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Economy Statement for the Treasury Borrowing Advisory Committee of the Securities Industry and Financial Markets Association

(Archived Content)

The U.S economy accelerated in the second quarter of 2017, recouping momentum temporarily lost in the first quarter.  Real GDP growth picked up to an annual rate of 2.6 percent, more than double the 1.2 percent rate seen in the first quarter of the year.  Personal consumption expenditures, generally the most significant driver of overall economic activity, stepped up noticeably in the second quarter and non-residential fixed investment continued to expand.  Although residential investment declined after the previous quarter’s double-digit advance, net exports made another positive, if small, contribution to growth, and inventory accumulation had a neutral impact.  Total government spending grew in the second quarter, as a strong increase in federal outlays more than offset a small decline in state and local spending.  Labor market conditions remained healthy, as the monthly pace of payroll employment accelerated in the latest quarter and the labor force participation rate trended higher.  In June 2017, the unemployment rate stood at 4.4 percent, just above the sixteen-year low reached in May and well below the pre-recession norm of 5.3 percent.  Economic fundamentals remain solid and suggest growth will continue at a steady pace through the remainder of this year. 
GDP Growth
According to the advance estimate of real GDP growth, which was released last Friday, the U.S. economy grew at an annual rate of 2.6 percent in the second quarter after rising at an annual rate of 1.2 percent in the first quarter.  Real personal consumption expenditures accelerated to an annual rate of 2.8 percent in the second quarter, up from 1.9 percent in the previous quarter.  Consumer spending added 1.9 percentage points to growth in the second quarter, the largest contribution of any component.  Private domestic final purchases – the sum of personal consumption, business fixed investment, and residential investment – grew in the second quarter at an annual rate of 2.7 percent.  This measure, which excludes government spending, exports, imports, and inventories, better portrays the strength of underlying private demand in the economy.
Business fixed investment grew 5.2 percent at an annual rate in the second quarter, moderating from the 7.1 percent advance in the first quarter.  One subcomponent accelerated, with the pace of equipment investment nearly doubling to reach an annual rate of 8.2 percent, up from 4.4 percent in the previous quarter.  The other two components expanded but at a slower pace than in the first quarter. Outlays for intellectual property products grew at annual rate of 1.4 percent, compared with 5.8 percent in the first quarter.  Spending on structures rose 4.9 percent at an annual rate, after a 14.8 percent surge in the first quarter that was driven largely by energy-sector spending.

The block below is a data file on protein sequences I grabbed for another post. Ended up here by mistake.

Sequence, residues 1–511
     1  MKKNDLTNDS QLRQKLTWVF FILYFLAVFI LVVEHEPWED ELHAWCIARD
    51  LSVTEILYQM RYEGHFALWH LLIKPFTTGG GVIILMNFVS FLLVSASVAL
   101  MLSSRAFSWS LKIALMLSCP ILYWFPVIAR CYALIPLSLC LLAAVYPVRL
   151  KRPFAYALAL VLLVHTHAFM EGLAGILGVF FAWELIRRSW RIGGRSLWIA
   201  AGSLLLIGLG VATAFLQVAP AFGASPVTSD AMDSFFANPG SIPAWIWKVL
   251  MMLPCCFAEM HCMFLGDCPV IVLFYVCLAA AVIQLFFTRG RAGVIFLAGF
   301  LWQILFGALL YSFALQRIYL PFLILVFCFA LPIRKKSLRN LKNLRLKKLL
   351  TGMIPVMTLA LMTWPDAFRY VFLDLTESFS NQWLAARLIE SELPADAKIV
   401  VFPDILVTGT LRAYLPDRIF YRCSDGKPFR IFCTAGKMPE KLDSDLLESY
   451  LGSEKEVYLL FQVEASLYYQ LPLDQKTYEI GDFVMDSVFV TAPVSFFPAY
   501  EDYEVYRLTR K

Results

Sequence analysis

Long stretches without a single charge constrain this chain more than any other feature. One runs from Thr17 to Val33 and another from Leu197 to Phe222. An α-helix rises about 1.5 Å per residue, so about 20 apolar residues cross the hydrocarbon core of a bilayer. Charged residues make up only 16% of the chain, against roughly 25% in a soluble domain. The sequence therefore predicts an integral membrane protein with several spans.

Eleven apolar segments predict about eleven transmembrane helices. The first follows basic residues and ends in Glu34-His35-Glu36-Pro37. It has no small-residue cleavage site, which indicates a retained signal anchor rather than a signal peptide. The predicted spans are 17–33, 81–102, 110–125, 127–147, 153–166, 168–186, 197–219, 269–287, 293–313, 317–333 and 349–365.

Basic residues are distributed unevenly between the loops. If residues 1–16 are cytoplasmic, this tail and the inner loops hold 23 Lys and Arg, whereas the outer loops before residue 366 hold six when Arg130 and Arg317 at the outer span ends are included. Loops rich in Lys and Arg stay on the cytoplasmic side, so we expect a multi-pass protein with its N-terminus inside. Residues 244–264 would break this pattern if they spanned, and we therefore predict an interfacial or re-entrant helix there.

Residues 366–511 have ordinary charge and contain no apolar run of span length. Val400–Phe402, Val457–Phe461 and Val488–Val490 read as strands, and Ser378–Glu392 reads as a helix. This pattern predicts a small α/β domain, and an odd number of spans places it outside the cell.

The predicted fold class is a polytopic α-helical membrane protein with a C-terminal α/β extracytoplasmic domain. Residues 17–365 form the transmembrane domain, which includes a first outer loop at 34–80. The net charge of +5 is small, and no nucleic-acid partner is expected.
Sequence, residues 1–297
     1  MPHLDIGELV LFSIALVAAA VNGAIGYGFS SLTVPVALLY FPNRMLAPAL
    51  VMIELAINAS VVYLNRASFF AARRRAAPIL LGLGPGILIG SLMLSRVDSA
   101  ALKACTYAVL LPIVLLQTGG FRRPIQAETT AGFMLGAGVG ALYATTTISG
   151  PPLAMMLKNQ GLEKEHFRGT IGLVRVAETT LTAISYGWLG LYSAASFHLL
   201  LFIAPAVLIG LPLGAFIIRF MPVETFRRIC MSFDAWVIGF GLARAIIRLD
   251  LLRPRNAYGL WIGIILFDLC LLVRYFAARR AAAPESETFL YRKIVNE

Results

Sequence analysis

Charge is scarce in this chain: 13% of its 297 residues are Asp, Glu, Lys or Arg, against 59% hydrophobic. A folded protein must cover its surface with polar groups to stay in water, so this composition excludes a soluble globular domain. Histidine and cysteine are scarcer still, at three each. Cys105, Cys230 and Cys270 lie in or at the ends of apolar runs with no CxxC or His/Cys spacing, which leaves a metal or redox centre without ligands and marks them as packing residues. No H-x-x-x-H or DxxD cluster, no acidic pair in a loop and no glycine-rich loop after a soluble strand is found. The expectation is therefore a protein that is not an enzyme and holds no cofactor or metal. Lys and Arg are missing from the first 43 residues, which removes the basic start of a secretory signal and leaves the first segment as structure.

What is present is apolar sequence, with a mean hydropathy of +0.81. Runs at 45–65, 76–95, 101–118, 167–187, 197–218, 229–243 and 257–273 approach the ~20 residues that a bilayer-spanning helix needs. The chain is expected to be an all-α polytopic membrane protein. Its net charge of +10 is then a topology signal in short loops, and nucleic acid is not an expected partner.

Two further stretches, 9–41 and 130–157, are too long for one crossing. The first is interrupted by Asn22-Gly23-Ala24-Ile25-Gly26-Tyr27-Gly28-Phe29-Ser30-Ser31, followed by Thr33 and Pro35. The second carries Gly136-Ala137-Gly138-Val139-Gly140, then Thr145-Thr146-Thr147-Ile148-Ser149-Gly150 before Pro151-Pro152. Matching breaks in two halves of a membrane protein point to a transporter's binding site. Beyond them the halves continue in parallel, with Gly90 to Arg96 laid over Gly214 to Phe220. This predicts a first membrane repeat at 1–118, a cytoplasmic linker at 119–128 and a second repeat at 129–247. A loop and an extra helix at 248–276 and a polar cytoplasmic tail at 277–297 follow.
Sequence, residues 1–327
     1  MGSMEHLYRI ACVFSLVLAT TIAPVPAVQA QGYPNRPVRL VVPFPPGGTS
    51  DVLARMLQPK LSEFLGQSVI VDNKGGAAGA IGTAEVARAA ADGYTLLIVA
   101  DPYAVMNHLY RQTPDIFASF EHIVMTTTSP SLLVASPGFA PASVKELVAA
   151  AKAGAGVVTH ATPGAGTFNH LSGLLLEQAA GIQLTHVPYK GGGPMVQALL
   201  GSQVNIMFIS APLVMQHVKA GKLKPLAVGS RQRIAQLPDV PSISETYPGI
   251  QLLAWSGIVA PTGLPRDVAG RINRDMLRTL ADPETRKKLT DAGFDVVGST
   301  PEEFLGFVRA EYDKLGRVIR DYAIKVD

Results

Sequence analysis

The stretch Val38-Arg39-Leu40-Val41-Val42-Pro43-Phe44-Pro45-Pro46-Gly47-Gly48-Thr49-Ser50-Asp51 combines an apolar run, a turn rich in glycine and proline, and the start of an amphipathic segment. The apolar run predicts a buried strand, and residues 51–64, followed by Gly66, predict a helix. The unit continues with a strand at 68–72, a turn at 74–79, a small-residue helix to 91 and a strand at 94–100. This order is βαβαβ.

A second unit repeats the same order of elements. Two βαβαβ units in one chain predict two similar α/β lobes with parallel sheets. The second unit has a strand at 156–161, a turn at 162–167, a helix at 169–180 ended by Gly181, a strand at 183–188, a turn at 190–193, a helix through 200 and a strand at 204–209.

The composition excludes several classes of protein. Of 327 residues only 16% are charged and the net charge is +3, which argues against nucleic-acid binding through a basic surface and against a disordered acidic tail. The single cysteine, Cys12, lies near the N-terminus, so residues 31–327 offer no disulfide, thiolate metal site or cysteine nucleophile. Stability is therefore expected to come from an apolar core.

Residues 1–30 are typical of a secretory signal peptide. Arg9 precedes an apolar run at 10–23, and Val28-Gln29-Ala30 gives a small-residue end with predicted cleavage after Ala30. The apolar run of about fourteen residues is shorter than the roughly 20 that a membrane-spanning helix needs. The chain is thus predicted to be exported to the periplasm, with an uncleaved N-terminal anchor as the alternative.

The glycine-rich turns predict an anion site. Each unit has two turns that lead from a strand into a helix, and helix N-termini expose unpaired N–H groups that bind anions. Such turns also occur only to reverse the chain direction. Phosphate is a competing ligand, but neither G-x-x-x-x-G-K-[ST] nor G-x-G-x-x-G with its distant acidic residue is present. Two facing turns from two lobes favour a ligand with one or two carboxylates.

In the second quarter, inventory adjustment made an essentially neutral contribution to growth, after subtracting 1.5 percentage points in the first quarter. The change in private inventories has weighed on real GDP growth in six of the last eight quarters. The extended softness suggests the need for a re-building of inventories in coming months.
After two consecutive quarters of strong growth, residential investment declined at an annual rate of 6.8 percent in the second quarter, compared with jumps of 11.1 percent in the first quarter and 7.1 percent in the fourth quarter.  House price appreciation has accelerated in recent months, reflecting low inventories and a small pull-back in mortgage rates.  Although housing demand flagged in the second quarter, especially for existing homes, and homebuilder sentiment has receded somewhat, housing starts and building permits both surged in June, and builders’ overall outlook remains positive, suggesting a pick-up in residential construction in coming months.  
Government spending provided a modicum of support for growth in the second quarter, after posing a small drag in the previous quarter.  Federal outlays grew 2.3 percent in the latest quarter, after declining by roughly that much in the first quarter.  State and local government outlays fell by 0.2 percent in the second quarter, after a 0.5 percent advance in the previous quarter.  Total government spending in the second quarter was 0.7 percent higher, after a decline of 0.6 percent in the first quarter. Overall, government spending has mostly moved sideways since early 2016.
Net exports made a modest contribution of 0.2 percentage point to second-quarter growth, matching its first-quarter addition.  Compositionally, exports grew more slowly in the second quarter, rising 4.1 percent, while import growth slowed to 2.1 percent.  This resulted in a narrowing of the trade deficit in the latest quarter.
GDP Revisions